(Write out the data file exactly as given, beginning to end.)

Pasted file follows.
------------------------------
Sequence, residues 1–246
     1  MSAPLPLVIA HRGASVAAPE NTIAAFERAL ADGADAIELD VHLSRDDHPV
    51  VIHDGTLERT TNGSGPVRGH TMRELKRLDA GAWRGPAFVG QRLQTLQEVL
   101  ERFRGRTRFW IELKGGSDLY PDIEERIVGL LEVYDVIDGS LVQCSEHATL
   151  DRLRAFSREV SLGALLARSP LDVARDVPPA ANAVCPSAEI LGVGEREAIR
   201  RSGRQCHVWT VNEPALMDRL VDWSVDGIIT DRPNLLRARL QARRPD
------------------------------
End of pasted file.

Sequence, residues 1–246
     1  MSAPLPLVIA HRGASVAAPE NTIAAFERAL ADGADAIELD VHLSRDDHPV
    51  VIHDGTLERT TNGSGPVRGH TMRELKRLDA GAWRGPAFVG QRLQTLQEVL
   101  ERFRGRTRFW IELKGGSDLY PDIEERIVGL LEVYDVIDGS LVQCSEHATL
   151  DRLRAFSREV SLGALLARSP LDVARDVPPA ANAVCPSAEI LGVGEREAIR
   201  RSGRQCHVWT VNEPALMDRL VDWSVDGIIT DRPNLLRARL QARRPD